The action is in the task set, not in the action

Maria M. Robinson, John Clevenger, David E. Irwin

Research output: Contribution to journalArticle

Abstract

In 7 experiments we contrasted two accounts for novel sources of attentional bias. According to the action-based account, executing a motor response towards an object causes people to allocate attention preferentially towards properties of that object in a subsequent task even when properties of the acted-on object are task irrelevant. This remarkable view entails that motor processing is in itself sufficient to affect later attentional processing, in the absence of stimulus evaluation and motor preparation. In contrast, the attentional template matching account posits that observing an external object that matches one's prior attentional settings increases processing of that object even when properties of the item are no longer task relevant. Our findings indicate that when properties of a stimulus are task irrelevant, acting towards that object does not produce priming effects over and above what is observed from passive viewing of the object. Furthermore, when properties of the stimulus are task relevant, effects on attention are observed only when participants have sufficient information to generate a task based attentional template of the upcoming stimulus, regardless of whether they act towards the stimulus or not. Finally, effects on attention are found under conditions when participants are likely to experience an attentional template match but do not produce a response. Collectively, these results reveal that previously reported motor-based effects on attention instead reflect the effects of attentional bias towards objects that serve as prior targets. Our findings thus provide strong support for the attentional template view and no support for the action-based view.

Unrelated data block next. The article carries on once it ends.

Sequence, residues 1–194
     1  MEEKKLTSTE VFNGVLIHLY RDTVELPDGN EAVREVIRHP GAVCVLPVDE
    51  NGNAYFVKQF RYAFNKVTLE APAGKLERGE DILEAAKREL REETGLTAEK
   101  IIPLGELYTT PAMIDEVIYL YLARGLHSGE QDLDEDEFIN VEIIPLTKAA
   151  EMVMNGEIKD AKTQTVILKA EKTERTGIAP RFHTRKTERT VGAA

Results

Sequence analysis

Original languageEnglish (US)
Pages (from-to)17-42
Number of pages26
JournalCognitive Psychology
Volume100
DOIs
StatePublished - Feb 2018

ASJC Scopus subject areas

  • Neuropsychology and Physiological Psychology
  • Experimental and Cognitive Psychology
  • Developmental and Educational Psychology
  • Linguistics and Language
  • Artificial Intelligence

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